Russia’s Orion drone has completed combat trials in Syria and is now beginning to equip units in Russia for further testing, state media reported on Nov. 1, 2019.
The armed, satellite-controlled Orion, a product of the Kronshtadt Group, roughly is similar to the U.S. Air Force’s own Predator drone, which the American flying branch retired in 2017 after the type had served for more than 20 years. The U.S. Air Force continues to operate larger Reaper drones from the same manufacturer, General Atomics.
"The Orion drone in its attack configuration can carry up to four missiles, which it successfully test-fired in Syria,” an unnamed source told TASS. “The drone has started arriving for Russian troops for its operational evaluation, after which the command will make a decision on launching it into serial production and accepting it for service."
TASS described Orion as a “medium-altitude, long-endurance drone with a maximum takeoff weight of one ton and a maximum payload of 200 kilograms. The drone has a service ceiling of 7.5 kilometers and its maximum flight duration with the standard payload is 24 hours. The drone can develop a speed of up 200 kilometers per hour.”
It’s unclear when or how long Orion was in Syria and exactly what missions it performed. But the drone’s apparent success signals an important turning point for the Kremlin, which has lagged far behind the U.S. and even Chinese militaries in the development of armed, unmanned aircraft.
“Russian forces are starting to get its ‘missing element’ -- long-range [intelligence, surveillance and reconnaissance] and combat UAVs that were not available to the military until recently,” Samuel Bendett, an adviser at CNA and a Russia-studies fellow at the American Foreign Policy Council, told The National Interest.
“Syrian experience displayed to Russian forces the need to have available drones that can range for hundreds of kilometers and then deliver a strike, without [troops] calling for manned aviation and without putting manned aerial assets at risk,” Bendett added.
“With Orion in Russian forces, a significant gap in ISR and strike capability can be closed. While mass use of this UAV is still some time away, the fact that it was supposedly tested in Syria signifies the Russian ministry of defense's drive to acquire sophisticated weapons that can extend Russian forces' operational range while giving them greater precision capabilities.”
The Kremlin has not disclosed what kinds of munitions Orion carried in Syria. U.S. armed drones routinely carry small, GPS-guided bombs as well as laser-guided anti-tank missiles. Kronshtadt Group has demonstrated munitions and bombs that weigh up to 50 kilograms, making them small enough for Orion to carry without sacrificing much of its performance.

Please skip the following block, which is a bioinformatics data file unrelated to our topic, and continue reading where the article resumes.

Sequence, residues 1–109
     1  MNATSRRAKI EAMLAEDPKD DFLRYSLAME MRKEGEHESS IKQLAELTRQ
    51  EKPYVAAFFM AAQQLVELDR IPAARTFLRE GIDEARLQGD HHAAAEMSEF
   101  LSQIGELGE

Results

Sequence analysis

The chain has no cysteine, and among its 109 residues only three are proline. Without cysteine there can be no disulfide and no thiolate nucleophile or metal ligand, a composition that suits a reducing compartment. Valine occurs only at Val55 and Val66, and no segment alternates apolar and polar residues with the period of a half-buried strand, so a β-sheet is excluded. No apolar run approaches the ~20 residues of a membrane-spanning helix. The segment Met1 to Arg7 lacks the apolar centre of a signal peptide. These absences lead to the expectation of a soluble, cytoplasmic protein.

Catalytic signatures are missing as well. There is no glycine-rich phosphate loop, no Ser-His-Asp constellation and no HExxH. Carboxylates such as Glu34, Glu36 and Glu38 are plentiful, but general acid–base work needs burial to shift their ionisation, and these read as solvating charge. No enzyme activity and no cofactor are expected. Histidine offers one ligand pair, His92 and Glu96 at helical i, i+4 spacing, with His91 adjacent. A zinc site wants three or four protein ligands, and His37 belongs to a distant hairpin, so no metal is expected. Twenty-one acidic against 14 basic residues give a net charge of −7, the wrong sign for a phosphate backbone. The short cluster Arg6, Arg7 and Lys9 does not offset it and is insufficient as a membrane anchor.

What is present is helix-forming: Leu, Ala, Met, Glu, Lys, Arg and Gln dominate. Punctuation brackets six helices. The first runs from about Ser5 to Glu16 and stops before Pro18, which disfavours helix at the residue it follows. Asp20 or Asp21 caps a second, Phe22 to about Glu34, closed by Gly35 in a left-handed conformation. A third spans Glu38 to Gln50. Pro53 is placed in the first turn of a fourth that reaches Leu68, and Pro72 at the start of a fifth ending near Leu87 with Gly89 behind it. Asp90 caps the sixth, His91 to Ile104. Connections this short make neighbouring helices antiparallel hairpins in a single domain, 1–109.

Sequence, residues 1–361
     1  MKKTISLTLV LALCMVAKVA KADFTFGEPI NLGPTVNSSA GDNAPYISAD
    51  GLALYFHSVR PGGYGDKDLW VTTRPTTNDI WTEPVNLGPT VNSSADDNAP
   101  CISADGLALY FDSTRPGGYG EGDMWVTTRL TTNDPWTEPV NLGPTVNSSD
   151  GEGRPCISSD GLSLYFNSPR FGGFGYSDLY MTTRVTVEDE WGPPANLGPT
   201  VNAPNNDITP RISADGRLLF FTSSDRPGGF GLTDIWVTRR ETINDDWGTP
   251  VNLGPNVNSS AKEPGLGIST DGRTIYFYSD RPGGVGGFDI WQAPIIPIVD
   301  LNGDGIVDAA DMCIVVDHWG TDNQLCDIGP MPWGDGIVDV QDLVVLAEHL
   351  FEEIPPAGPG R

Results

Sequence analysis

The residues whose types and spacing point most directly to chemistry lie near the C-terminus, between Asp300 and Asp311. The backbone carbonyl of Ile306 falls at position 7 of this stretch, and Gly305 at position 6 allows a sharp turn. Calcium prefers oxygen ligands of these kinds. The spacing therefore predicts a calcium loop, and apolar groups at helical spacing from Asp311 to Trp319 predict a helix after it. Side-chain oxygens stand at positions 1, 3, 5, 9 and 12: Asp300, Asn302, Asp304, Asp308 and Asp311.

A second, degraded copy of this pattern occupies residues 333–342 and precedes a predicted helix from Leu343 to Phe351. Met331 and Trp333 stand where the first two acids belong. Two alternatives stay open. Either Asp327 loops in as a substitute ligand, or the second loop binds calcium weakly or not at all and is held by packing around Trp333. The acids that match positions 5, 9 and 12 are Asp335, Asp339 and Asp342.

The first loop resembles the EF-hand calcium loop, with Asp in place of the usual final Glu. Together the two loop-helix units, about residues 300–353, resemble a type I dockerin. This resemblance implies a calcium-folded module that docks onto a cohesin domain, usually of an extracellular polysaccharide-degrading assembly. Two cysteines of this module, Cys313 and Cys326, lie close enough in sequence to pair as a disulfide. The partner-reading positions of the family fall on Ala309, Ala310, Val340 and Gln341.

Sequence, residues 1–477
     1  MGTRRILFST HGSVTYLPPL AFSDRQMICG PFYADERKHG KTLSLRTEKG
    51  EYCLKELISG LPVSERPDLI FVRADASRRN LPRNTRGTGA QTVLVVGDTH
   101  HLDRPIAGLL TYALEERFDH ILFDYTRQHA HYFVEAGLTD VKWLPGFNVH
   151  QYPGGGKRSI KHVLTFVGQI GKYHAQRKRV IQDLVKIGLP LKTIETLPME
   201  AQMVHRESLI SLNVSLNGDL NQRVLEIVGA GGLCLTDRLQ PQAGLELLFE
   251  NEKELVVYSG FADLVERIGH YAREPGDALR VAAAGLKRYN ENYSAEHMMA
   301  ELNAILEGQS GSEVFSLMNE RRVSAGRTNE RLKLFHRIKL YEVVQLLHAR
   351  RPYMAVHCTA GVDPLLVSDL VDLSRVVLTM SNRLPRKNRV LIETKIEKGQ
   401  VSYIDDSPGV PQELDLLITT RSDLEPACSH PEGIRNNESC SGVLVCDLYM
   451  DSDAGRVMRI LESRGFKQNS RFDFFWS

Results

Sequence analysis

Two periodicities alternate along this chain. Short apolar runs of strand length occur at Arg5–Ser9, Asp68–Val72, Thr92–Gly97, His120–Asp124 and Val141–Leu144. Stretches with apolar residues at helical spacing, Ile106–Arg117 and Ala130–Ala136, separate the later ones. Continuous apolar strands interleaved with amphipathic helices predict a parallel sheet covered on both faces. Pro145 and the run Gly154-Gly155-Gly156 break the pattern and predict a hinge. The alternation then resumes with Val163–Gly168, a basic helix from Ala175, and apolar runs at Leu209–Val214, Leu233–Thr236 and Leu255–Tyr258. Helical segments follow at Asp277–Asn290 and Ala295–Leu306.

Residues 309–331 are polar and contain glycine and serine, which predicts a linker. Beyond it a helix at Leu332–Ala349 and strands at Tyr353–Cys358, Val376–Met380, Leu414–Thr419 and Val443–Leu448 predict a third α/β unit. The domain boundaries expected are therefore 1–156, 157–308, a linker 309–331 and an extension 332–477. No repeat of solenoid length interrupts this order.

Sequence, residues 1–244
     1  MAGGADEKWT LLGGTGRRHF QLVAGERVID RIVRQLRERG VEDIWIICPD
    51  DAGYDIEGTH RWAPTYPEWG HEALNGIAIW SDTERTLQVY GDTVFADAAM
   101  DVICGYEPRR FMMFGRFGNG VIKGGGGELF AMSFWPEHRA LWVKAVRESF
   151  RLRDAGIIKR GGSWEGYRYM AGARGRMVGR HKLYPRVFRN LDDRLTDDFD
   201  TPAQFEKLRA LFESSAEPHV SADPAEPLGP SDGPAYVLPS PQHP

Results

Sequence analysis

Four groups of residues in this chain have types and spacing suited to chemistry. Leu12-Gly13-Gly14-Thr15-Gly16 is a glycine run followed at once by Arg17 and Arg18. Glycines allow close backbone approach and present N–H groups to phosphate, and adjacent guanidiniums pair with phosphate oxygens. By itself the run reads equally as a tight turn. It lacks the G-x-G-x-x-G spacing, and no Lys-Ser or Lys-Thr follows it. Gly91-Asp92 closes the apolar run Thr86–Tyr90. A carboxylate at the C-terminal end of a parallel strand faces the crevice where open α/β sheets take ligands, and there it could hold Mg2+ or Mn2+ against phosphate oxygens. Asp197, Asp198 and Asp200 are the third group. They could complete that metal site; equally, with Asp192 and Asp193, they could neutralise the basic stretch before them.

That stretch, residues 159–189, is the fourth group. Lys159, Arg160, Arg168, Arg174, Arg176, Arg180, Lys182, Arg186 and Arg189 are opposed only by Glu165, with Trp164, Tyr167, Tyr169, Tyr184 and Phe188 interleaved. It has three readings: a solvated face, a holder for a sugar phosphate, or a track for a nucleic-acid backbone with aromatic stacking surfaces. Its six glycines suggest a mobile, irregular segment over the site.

The Kremlin is working on several types of drones. Perhaps most notably, a heavyweight, jet-powered fighter drone appeared in public for the first time in January 2019. The Hunter-B is a rough analogue of the U.S. military’s MQ-25 tanker drone and RQ-170 spy drone as well as China’s Tian Ying.
As their development continues, Hunter-B and Orion could run into some of the same problems. Besides the relative immaturity of Russia’s efforts to produce small, guided weapons to arm the drones, there’s also the issue of manpower.
It takes hundreds of maintainers, operators and analysts effectively to operate a single “orbit” of three or four drones that’s capable of keeping a single UAV over a target area for long periods of time. The U.S. military has spent more than two decades developing a pool of manpower that now supports hundreds of Reaper drones organized into nearly 50 orbits.
Russia by contrast has just begun to train drone crews. But they’re learning fast, Tom Cooper, an author and drone expert, told The National Interest. "The first generation of pilots and ground crews for UAVs just completed their four-years-long training, and they meanwhile have plenty of experience in operating smaller UAVs in Syria."
According to TASS, the Russian air force is considering establishing mixed units to operate drones such as Orion alongside manned aircraft. That would represent a departure from the American model, which organizes unmanned aircraft into their own squadrons and wings.